Borch, Kurt
    Linköping University, Department of Clinical and Experimental Medicine, Surgery . Linköping University, Faculty of Health Sciences. Östergötlands Läns Landsting, Centre of Surgery and Oncology, Department of Surgery in Östergötland.
    Larsson, Marie
    Linköping University, Department of Clinical and Experimental Medicine, Molecular Virology . Linköping University, Faculty of Health Sciences.
    Pancreatic adenocarcinoma exerts systemic effects on the peripheral blood myeloid and plasmacytoid dendritic cells: an indicator of disease severity?2010In: BMC CANCER, ISSN 1471-2407, Vol. 10, no 87Article in journal (Refereed)
    Abstract [en]

    Background: Dendritic cells (DCs) isolated from tumor bearing animals or from individuals with solid tumors display functional abnormalities and the DC impairment has emerged as one mechanism for tumor evasion from the control of the immune system. Ductal pancreatic adenocarcinoma (PDAC), the most common pancreatic cancer, is recognized as a very aggressive cancer type with a mortality that almost matches the rate of incidence. Methods: We examined the systemic influence ductal pancreatic adenocarcinoma ( PDAC) exerted on levels of peripheral blood DCs and inflammatory mediators in comparison to the effects exerted by other pancreatic tumors, chronic pancreatitis, and age-matched controls. Results: All groups examined, including PDAC, had decreased levels of myeloid DCs (MDC) and plasmacytoid DCs (PDC) and enhanced apoptosis in these cells as compared to controls. We found elevated levels of PGE2 and CXCL8 in subjects with PDAC, and chronic pancreatitis. Levels of these inflammatory factors were in part restored in PDAC after tumor resection, whereas the levels of DCs were impaired in the majority of these patients similar to 12 weeks after tumor removal. Our results prove that solid pancreatic tumors, including PDAC, systemically affect blood DCs. The impairments do not seem to be tumor-specific, since similar results were obtained in subjects with chronic pancreatitis. Furthermore, we found that PDAC patients with a survival over 2 years had significant higher levels of blood DCs compared to patients with less than one year survival. Conclusions: Our findings points to the involvement of inflammation in the destruction of the blood MDCs and PDCs. Furthermore, the preservation of the blood DCs compartment in PDAC patients seems to benefit their ability to control the disease and survival.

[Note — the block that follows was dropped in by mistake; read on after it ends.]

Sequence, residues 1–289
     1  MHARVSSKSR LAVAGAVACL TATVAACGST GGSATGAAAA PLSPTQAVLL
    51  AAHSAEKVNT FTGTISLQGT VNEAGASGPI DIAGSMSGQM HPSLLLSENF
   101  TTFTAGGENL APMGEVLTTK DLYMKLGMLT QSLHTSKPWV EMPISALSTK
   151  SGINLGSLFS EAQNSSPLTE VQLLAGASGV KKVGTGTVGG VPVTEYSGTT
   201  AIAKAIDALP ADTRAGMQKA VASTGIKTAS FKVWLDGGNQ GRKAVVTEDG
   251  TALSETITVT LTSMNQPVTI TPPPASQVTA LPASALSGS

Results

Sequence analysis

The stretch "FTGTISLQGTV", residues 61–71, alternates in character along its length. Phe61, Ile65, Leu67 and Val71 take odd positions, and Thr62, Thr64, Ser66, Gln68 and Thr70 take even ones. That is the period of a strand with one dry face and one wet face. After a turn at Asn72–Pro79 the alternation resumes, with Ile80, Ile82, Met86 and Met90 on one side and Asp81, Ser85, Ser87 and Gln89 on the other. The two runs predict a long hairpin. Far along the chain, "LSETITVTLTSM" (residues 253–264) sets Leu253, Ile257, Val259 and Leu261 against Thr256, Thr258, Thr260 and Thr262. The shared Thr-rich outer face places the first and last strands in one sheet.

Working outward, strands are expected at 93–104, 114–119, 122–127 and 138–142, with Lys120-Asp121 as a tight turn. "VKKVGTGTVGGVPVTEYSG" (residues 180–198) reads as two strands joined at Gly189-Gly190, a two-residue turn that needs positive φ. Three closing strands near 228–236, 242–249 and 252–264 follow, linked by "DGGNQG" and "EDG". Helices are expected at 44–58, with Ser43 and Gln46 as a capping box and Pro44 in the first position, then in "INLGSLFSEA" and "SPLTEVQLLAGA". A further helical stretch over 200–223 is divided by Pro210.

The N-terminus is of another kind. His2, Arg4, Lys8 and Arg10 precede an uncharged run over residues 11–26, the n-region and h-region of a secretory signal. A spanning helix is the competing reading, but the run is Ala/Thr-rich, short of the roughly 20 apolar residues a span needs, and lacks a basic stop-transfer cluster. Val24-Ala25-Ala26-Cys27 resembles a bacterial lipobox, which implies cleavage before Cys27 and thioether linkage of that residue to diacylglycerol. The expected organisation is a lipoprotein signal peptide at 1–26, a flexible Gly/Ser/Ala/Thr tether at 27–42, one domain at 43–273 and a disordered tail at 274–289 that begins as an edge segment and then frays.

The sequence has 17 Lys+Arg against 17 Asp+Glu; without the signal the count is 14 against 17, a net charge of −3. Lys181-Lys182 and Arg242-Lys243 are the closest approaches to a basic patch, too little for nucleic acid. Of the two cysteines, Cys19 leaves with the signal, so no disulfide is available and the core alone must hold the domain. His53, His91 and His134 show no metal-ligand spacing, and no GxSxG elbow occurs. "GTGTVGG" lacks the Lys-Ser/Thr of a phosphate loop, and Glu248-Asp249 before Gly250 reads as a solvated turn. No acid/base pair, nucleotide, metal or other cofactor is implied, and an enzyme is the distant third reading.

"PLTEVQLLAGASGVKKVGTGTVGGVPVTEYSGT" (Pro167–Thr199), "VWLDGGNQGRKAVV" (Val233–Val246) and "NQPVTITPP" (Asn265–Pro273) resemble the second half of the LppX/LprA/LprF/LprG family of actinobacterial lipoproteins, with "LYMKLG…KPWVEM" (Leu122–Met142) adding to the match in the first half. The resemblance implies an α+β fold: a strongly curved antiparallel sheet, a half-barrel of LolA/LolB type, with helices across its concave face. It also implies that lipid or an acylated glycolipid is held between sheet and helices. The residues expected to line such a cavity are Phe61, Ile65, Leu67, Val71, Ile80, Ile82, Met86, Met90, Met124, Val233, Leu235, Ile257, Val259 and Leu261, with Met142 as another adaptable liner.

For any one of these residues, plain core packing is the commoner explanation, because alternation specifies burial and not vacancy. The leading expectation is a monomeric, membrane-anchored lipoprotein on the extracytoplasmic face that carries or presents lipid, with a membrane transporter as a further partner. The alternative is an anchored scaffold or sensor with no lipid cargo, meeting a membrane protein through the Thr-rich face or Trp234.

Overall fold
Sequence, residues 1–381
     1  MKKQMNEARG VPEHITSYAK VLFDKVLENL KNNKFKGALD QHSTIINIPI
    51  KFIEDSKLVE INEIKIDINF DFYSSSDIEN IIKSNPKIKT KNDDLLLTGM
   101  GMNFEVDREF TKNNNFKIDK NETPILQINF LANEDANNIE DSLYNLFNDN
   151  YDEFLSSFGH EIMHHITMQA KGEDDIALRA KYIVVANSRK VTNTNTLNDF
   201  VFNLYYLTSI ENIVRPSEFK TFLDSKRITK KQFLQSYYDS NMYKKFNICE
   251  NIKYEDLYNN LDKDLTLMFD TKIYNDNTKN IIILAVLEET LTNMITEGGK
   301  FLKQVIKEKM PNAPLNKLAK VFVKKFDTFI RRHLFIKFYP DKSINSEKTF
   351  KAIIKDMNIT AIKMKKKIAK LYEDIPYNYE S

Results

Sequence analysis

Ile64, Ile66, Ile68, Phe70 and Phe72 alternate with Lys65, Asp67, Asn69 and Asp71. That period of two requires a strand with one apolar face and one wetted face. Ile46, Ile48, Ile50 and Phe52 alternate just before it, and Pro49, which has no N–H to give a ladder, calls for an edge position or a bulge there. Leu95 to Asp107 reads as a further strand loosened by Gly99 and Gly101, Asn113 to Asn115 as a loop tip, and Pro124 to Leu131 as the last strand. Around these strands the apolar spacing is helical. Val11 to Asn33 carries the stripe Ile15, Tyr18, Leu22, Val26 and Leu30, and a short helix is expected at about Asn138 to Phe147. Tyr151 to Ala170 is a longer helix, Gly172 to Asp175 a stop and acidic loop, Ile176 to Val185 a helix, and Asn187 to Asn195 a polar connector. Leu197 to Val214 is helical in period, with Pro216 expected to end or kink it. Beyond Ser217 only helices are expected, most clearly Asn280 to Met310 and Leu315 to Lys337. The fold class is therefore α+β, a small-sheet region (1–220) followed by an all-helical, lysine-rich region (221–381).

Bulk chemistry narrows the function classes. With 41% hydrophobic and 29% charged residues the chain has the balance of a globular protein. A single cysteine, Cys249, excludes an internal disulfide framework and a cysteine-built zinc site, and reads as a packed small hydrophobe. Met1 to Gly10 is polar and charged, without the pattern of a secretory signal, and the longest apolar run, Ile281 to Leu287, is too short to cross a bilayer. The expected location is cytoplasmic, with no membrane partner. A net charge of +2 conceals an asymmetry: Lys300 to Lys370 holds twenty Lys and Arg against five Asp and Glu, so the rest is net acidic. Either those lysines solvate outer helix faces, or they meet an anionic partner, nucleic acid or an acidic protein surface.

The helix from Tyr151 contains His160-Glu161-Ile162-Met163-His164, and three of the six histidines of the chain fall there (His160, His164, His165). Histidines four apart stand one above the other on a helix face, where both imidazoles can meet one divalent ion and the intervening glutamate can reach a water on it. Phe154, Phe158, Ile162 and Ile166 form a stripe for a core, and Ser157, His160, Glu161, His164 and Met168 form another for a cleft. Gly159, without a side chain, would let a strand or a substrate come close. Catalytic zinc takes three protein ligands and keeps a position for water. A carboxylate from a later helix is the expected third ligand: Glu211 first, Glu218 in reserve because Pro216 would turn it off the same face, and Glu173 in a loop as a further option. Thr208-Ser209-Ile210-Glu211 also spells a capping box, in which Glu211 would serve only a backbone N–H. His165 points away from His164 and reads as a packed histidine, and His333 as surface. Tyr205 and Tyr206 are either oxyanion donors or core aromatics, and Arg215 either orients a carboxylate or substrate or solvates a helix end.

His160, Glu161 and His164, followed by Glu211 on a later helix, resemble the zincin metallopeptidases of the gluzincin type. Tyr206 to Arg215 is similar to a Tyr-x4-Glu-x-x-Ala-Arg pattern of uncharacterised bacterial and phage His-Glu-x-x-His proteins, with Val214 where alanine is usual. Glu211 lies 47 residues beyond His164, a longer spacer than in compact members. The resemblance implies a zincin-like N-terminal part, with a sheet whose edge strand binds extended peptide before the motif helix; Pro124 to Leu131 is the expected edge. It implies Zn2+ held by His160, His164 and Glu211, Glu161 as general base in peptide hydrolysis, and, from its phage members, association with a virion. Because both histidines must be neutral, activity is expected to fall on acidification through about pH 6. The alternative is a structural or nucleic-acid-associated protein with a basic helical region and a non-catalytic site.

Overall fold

• 267.
    Tjomsland, Vegard
    et al.